The Case for Paid Parental Leave: Gender Equality in the Workforce
Earlier this year, Oman, a small Arab country on the coast of the Arabian Peninsula, passed laws that federally mandated paid maternity leave for all working mothers, taking Oman off the very short list of countries without this policy. This list now includes only the United States and Papua New Guinea, the latter being a country that researchers from Médecins Sans Frontières have labeled as “potentially the worst place in the world for gender violence.” This makes the United States the only industrialized nation in the world without federally mandated paid maternity leave. What the United States does have is the Family and Medical Leave Act, passed by President Bill Clinton in 1993, which allows workers 12 weeks of unpaid leave after the birth or adoption of a child. Only three states, California, Rhode Island, and New Jersey, have instituted paid family leave policies, providing new parents with four to six weeks of paid time off, all of which are funded through payroll taxes. The scarcity of mandated paid leave means that 89 percent of workers in the United States do not have access to paid family leave, the lack of which puts female workers, especially those of low income, at a disadvantage in their careers when they choose to start a family. In 1963, President John F. Kennedy signed into action the Equal Pay Act, and the next few decades saw remarkable progress in the narrowing of the gender wage gap and an increasing flow of women into the workforce. However, a Princeton study found that both these rates have slowed in the past 20 years, and today, women are still paid, on average, 18 percent less than men. At first glance, it’s easy to assume that outright gender discrimination is the cause of the gender wage gap. A famous, albeit unconventional, example of this discrimination is the immediate 20 percent increase in the number of women accepted by the nation’s top symphonies after blind auditions were instituted. However, in a National Bureau of Economic Research study, Cornell economists Francine D. Blau and Lawrence M. Kahn found that factors such as differences in education, occupation, and career interruptions accounted for the majority of the pay deficit, leaving only nine percent unexplained. Blau and Kahn’s findings concur with those of most researchers, who agree that outright sexism affecting the labor market has greatly decreased, and can no longer be considered a major contribution to the gender wage gap. Rather, the gap is mainly the result of a glass ceiling constructed from the socioeconomic and cultural pressures that restrict working mothers within their chosen occupations. The problem is not unequal pay for equal work, but rather the limited availability of equal work for mothers, who are stunted in their careers because they carry the majority of the burden of childcare. Female doctors are more likely to choose lower-paying specialties, such as pediatrics, over higher-paying ones, such as cardiology, which also tend to be less flexible time-wise. Blau and Kahn’s study also found that women face a stronger likelihood of career interruptions due to childbirth, which lessens chances of promotions and career advancements. Another NBER study tracked 3,000 MBAs from the University of Chicago over a decade of their careers, and found that, straight out of college, before the pressures of childcare, women made, on average, 12 percent less than men; a decade later, this gap increased to 45 percent. These facts illustrate the devastating effects that the constraints of motherhood have on women’s careers, the solution to which is federally-mandated paid parental leave. An analysis of census data showed that after the passage of paid family leave laws in California, more workers took paid leave, and mothers who took paid leave were more likely to return to work than those who didn’t. In addition, they saw an average increase of five percent in their hourly wages. Critics of paid maternity leave argue that maternity leave actually contributes to the gender pay gap, citing statistics from another study by Blau and Kahn on the female labor supply, which show that, after the 1993 FMLA was passed, the job retention rate of women increased by 5 percent, but the likelihood of promotion decreased by 8 percent. At first, this would seem to corroborate claims that paid maternity leave would increase the gender pay gap, and that the solution is to not federally mandate paid leave. However, the issue with this near-sighted strategy is that it perpetuates the faulty notion that eliminating paid maternity leave would lessen the gender pay deficit. Women do not have a realistic choice to continue working immediately after childbirth; to do so would jeopardize both their own health and that of their newborns. Without mandated paid maternity leave, new mothers will still take leaves of absence of varying length. However, the same study shows that women will be more likely to leave the restrictive workforce without paid maternity leave, explaining the increase in job retention after FMLA. The decrease in likelihood of promotion is the economic effect of mothers carrying the majority of familial burdens. When only unpaid leave or paid maternity leave is made available to workers, male employees, especially ones of low income, are less likely to take leave in order to care for their newborn. When only women are pressured to take maternal leave, it is only their careers that are affected. For these reasons, it is misleading to claim that the passage of FMLA decreased the likelihood of promotion for women by eight percent. It is not the existence of paid maternity leave that leads to the wage gap, but rather the lack of paternity leave that is the true cause. In fact, historically, after World War II, European countries used mandatory maternity leave as a means to force women out of the workforce and try to return them to their “proper” domestic sphere. The fact is, for the vast majority of parents in the United States, it is only women who carry the burden of childcare, and it is only women who are penalized in their careers for the decision to start a family.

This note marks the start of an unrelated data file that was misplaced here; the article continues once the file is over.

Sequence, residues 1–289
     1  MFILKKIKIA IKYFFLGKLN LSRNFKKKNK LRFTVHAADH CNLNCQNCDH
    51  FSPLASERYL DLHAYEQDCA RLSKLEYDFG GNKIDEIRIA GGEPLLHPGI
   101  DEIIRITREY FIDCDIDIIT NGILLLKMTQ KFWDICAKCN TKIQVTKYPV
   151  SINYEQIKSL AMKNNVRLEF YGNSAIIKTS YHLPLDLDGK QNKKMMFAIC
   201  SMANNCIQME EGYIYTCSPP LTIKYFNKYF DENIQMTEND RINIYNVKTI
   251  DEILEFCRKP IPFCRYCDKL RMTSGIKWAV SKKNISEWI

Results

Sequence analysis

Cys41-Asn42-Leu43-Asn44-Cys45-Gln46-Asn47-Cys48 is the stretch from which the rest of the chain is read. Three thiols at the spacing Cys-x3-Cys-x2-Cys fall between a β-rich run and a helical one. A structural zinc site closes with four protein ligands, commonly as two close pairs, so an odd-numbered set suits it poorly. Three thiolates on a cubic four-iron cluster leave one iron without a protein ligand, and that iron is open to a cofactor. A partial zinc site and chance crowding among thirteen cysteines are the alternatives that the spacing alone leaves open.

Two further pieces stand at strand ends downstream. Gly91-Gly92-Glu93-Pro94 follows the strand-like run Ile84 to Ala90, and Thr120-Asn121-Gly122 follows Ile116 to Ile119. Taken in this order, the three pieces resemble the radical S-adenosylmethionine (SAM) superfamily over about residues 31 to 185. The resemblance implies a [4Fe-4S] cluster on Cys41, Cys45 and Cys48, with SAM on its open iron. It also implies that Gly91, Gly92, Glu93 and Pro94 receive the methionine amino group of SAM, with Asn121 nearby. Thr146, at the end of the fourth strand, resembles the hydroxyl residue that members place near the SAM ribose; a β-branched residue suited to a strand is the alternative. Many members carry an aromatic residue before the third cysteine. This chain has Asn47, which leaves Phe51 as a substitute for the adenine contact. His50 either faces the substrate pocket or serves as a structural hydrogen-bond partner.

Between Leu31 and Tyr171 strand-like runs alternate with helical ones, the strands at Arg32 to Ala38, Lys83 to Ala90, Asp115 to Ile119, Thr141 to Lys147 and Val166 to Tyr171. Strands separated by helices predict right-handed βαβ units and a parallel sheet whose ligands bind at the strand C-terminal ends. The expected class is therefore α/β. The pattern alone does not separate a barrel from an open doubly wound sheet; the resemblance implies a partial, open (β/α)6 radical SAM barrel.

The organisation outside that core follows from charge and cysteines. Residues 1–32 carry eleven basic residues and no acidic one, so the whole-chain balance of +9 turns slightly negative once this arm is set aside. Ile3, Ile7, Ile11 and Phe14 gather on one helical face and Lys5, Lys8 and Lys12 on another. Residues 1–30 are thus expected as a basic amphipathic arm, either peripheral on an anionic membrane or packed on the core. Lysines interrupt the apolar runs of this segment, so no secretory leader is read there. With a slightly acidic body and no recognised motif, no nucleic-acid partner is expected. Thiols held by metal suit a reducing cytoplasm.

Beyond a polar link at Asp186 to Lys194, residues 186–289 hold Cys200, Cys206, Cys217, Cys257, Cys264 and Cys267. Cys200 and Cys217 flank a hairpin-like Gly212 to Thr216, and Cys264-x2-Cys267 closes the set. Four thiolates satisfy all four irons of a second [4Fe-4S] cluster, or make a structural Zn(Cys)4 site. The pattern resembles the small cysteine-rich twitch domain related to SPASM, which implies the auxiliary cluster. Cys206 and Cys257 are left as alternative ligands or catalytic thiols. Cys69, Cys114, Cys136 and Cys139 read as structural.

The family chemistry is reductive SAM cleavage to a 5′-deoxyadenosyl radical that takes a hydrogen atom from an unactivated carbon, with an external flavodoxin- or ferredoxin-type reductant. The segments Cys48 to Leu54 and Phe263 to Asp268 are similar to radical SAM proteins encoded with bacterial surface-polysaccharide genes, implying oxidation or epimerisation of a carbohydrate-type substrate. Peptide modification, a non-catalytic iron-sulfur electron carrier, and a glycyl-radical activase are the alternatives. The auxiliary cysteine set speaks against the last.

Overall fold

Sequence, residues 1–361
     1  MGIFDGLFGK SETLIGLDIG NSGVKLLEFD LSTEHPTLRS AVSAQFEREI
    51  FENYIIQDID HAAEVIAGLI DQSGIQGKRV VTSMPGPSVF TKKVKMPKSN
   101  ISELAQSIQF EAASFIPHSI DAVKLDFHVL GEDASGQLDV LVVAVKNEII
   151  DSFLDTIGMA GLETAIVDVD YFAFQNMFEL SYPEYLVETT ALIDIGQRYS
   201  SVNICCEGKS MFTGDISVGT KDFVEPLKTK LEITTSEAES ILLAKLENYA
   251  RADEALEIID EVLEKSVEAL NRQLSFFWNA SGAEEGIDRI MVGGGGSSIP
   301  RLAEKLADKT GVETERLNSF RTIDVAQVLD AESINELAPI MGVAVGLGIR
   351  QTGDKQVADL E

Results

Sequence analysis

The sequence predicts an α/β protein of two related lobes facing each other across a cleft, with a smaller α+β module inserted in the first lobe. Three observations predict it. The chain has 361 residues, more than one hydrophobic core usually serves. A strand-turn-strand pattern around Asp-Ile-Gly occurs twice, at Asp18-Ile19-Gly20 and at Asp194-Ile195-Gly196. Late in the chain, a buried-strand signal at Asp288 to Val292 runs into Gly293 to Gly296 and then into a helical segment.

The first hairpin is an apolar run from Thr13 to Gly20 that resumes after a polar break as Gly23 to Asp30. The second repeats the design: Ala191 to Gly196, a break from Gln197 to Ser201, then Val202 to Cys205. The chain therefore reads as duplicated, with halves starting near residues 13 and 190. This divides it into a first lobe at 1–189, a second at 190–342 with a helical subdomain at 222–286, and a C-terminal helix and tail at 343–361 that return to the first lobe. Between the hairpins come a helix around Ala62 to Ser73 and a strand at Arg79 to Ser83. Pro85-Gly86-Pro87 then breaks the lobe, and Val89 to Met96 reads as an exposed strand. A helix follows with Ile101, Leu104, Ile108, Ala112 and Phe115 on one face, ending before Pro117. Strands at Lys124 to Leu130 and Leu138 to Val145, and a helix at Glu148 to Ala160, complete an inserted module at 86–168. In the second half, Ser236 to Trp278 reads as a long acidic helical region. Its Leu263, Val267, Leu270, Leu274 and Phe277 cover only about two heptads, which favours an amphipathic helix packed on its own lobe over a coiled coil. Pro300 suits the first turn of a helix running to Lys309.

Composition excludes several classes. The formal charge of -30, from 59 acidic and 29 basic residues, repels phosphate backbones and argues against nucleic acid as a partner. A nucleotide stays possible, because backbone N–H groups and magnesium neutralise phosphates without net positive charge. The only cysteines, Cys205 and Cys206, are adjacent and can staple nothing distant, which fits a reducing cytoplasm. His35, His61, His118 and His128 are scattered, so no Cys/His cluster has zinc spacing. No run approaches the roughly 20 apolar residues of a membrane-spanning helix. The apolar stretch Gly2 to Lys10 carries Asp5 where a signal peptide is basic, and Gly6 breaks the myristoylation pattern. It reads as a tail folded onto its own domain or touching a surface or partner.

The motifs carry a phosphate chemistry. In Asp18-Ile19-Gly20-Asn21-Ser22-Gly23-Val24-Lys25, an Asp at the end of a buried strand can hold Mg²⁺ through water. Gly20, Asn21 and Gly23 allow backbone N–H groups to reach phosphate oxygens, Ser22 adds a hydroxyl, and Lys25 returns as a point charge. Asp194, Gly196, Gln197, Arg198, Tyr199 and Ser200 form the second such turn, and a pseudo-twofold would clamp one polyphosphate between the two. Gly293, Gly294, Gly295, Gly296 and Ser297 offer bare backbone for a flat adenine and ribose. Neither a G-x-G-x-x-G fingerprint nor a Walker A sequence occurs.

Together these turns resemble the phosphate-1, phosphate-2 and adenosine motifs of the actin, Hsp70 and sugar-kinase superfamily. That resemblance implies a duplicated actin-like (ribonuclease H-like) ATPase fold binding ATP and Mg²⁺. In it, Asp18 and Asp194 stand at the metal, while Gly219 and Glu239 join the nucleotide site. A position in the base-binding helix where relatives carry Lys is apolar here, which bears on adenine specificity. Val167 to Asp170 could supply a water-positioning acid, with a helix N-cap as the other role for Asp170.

Paid paternity leave would enable fathers to share in the family burden, alleviating the need for women to sacrifice career performance to care for the newborn. However, even with the option of paid paternity leave, men, due to cultural stigma, are often unwilling to take leave. To combat this, several countries have offered fathers incentives to encourage them to take paternity leave, such as higher pay or a “use it or lose it” approach, in which a certain amount of a family’s paid leave can only be taken by fathers. After Quebec implemented such policies, the amount of fathers who took paid family leave skyrocketed from 10 percent in 2001 to 80 percent in 2011; subsequently, mothers were more likely to return to work and work full-time. The United States, with neither paid maternity nor paid paternity leave laws, has fallen behind the rest of the world in efforts to prevent the burdens of parenthood from suppressing solely the careers of mothers, an issue that U.S. politicians have failed to prioritize appropriately. The issue has been brought up among policymakers, most recently in President Obama’s State of the Union address in January, and in a proposed Senate bill in March. However, there has been little to no progress made since 1993. It is important to remember that unregulated paid parental leave can easily become de facto maternity leave; policies must encourage an extensive cultural shift in order for the family burden to sit more equally on the shoulders of both mothers and fathers. Although the United States has come a long way from 1963, paid parental leave is only the first step of many in the creation of a truly egalitarian labor market.